|Title:||The Bell Jar|
|Publisher:||Faber and Faber|
|Tags:||fiction, Guardian's 100 Greatest Novels of All Time (2003), film adaptation, depression|
Plath's only novel, but a famous one, with strong elements of autobiography. It is 1953, and Esther Greenwood has just arrived in New York City: she and eleven others have won a contest, the prize being one month of employment at a famous fashion magazine. But afterwards, depression sets in... [Suggest a different description.]
Author Bio for Plath, Sylvia
Sylvia Plath (October 27, 1932 – February 11, 1963) was an American poet, novelist, and short-story writer. Born in Boston, she studied at Smith College and Newnham College at the University of Cambridge before receiving acclaim as a poet and writer. She married fellow poet Ted Hughes in 1956, and they lived together in the United States and then in England. They had two children, Frieda and Nicholas, before separating in 1962.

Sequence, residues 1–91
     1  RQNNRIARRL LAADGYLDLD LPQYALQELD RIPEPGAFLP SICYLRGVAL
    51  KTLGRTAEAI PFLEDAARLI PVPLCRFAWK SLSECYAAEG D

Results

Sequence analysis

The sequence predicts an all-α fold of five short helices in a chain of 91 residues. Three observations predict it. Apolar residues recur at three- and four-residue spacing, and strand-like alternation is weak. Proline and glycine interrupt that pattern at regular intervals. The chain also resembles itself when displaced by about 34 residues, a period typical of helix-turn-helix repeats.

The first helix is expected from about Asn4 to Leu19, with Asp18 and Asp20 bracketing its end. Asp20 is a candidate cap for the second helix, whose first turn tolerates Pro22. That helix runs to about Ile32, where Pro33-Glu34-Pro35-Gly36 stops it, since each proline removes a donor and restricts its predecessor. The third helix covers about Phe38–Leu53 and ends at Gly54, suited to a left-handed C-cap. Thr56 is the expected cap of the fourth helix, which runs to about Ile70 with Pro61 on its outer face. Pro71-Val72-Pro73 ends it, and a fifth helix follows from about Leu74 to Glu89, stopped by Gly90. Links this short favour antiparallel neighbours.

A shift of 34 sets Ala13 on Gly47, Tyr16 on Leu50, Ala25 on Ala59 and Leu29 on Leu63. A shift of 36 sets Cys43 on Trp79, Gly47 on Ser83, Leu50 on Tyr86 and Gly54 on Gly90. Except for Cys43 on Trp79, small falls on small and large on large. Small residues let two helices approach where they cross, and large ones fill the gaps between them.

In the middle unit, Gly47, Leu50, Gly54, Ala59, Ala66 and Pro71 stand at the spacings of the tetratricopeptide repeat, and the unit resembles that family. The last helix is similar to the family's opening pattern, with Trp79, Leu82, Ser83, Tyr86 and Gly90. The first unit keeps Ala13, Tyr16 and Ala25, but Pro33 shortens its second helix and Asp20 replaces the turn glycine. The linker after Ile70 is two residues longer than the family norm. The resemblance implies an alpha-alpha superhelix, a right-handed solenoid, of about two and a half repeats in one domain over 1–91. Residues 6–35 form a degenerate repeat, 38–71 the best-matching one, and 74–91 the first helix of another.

Plath was clinically depressed for most of her adult life, and was treated multiple times with electroconvulsive therapy (ECT). She committed suicide in 1963.
Plath is credited with advancing the genre of confessional poetry and is best known for two of her published collections, The Colossus and Other Poems and Ariel, and The Bell Jar, a semi-autobiographical novel published shortly before her death. In 1982, she won a posthumous Pulitzer Prize for The Collected Poems.--Wikipedia.
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